Innovations as reconfigurations of knowledge in socio-epistemic networks: The case of general relativity
Roberto Lallia, Dirk Wintergrüna, Malte Vogla, Bernardo Buarquea
a Max Planck Institute for the History of Science, Berlin
General relativity is a major pillar in our understanding of the physical universe. It is a widespread view that the theory radically changed humans’ views on basic notions such as space, time, matter and energy. But, while Einstein formulated the theory in 1915, the creation of a collectively shared scientific consensus on general relativity’s implications took many decades. Between the mid-1920s to the mid-1950s, research on the theory stagnated with little to no agreement about its most unintuitive physical predictions. Only after the mid-1950s did the theory gradually return to the mainstream of physics, a process known as the ‘renaissance of general relativity.’ This momentous transformation of the theory’s status was not only a social transformation related to the increasing number of scientists working on the theory, but it had epistemic implications. In this period a community of scientists reconceptualized Einstein’s theory by constructing a shared consensus on the existence and meaning of its physical predictions, including gravitational waves and black holes. This novel understating of the theory can be interpreted as a set of conceptual innovations, even though many of the elements had already been formulated in the previous decades or contained in Einstein’s original theory. These features make general relativity an ideal case to uncover the role of social transformations in the dynamics of knowledge production that underlies the formation of consensus on conceptual innovations.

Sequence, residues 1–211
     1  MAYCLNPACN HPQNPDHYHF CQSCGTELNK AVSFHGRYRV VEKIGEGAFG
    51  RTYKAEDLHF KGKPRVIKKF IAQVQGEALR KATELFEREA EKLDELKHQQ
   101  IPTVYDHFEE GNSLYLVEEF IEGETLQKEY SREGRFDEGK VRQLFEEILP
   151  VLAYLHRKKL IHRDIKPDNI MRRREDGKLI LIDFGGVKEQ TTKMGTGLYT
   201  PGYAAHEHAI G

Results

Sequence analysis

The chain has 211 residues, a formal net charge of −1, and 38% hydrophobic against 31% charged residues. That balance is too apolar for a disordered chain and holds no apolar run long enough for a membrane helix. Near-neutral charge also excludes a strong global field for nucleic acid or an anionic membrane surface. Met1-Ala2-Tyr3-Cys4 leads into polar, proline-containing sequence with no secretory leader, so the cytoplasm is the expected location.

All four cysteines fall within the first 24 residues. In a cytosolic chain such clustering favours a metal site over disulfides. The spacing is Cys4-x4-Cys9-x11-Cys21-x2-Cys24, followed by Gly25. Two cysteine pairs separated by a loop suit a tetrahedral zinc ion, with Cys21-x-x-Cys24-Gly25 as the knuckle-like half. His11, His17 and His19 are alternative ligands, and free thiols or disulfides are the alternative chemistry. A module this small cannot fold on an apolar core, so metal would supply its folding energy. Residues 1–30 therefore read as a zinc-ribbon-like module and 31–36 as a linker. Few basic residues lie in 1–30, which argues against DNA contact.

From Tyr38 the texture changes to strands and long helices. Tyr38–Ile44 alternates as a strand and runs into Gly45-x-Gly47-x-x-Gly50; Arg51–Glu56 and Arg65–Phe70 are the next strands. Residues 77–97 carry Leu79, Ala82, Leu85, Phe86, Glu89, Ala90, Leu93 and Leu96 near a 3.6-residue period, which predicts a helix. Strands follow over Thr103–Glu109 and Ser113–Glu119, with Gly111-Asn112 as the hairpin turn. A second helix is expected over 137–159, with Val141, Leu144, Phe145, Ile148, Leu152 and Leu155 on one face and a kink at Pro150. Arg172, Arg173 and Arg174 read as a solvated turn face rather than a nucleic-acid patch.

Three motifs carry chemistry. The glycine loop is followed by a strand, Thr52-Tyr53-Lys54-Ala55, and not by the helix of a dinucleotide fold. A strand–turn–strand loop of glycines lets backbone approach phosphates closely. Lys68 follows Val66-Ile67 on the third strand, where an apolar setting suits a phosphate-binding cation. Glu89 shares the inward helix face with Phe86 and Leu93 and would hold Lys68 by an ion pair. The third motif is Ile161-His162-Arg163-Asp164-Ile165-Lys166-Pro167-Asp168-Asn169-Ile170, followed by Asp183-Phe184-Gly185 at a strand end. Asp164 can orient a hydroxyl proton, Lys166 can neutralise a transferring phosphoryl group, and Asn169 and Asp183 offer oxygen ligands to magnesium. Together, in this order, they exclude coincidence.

To uncover these entangled socio-conceptual dynamics, we employ the conceptual and methodological framework of socio-epistemic networks. This framework defines a three-layered taxonomy of knowledge networks: the social network (the collection of relations involving individuals and institutions), the semiotic network (the collection of the material representations of knowledge, e.g., citation networks), and the semantic network (the collection of knowledge elements and their relations, including concepts, topics, research agendas, or methods). Building on our previous results on the entangled dynamics of collaboration networks and co-citation patterns in general relativity, in this talk we focus on the transformation of the semantic level over time highlighting the dynamics of the emergence of a shared view on conceptual innovations related to the social interactions and the semiotic representations.